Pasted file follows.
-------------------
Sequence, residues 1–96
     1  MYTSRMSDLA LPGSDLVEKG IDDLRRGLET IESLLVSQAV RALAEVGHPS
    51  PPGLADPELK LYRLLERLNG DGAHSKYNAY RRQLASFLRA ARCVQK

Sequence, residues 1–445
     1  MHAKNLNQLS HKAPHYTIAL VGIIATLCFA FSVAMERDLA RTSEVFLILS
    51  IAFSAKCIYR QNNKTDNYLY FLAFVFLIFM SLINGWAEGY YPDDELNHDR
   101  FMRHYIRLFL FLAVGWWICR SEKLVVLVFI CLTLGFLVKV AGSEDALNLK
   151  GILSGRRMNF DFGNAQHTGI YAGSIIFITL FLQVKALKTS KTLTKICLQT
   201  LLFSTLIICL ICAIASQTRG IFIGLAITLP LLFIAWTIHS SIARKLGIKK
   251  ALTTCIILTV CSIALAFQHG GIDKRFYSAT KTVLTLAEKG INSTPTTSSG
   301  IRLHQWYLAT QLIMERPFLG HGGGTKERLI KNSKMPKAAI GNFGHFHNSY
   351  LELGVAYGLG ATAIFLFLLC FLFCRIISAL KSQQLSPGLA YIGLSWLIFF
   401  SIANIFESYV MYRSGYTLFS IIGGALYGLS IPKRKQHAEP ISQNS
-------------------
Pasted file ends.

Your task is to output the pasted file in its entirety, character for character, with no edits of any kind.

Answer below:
Sequence, residues 1–96
     1  MYTSRMSDLA LPGSDLVEKG IDDLRRGLET IESLLVSQAV RALAEVGHPS
    51  PPGLADPELK LYRLLERLNG DGAHSKYNAY RRQLASFLRA ARCVQK

Sequence, residues 1–445
     1  MHAKNLNQLS HKAPHYTIAL VGIIATLCFA FSVAMERDLA RTSEVFLILS
    51  IAFSAKCIYR QNNKTDNYLY FLAFVFLIFM SLINGWAEGY YPDDELNHDR
   101  FMRHYIRLFL FLAVGWWICR SEKLVVLVFI CLTLGFLVKV AGSEDALNLK
   151  GILSGRRMNF DFGNAQHTGI YAGSIIFITL FLQVKALKTS KTLTKICLQT
   201  LLFSTLIICL ICAIASQTRG IFIGLAITLP LLFIAWTIHS SIARKLGIKK
   251  ALTTCIILTV CSIALAFQHG GIDKRFYSAT KTVLTLAEKG INSTPTTSSG
   301  IRLHQWYLAT QLIMERPFLG HGGGTKERLI KNSKMPKAAI GNFGHFHNSY
   351  LELGVAYGLG ATAIFLFLLC FLFCRIISAL KSQQLSPGLA YIGLSWLIFF
   401  SIANIFESYV MYRSGYTLFS IIGGALYGLS IPKRKQHAEP ISQNS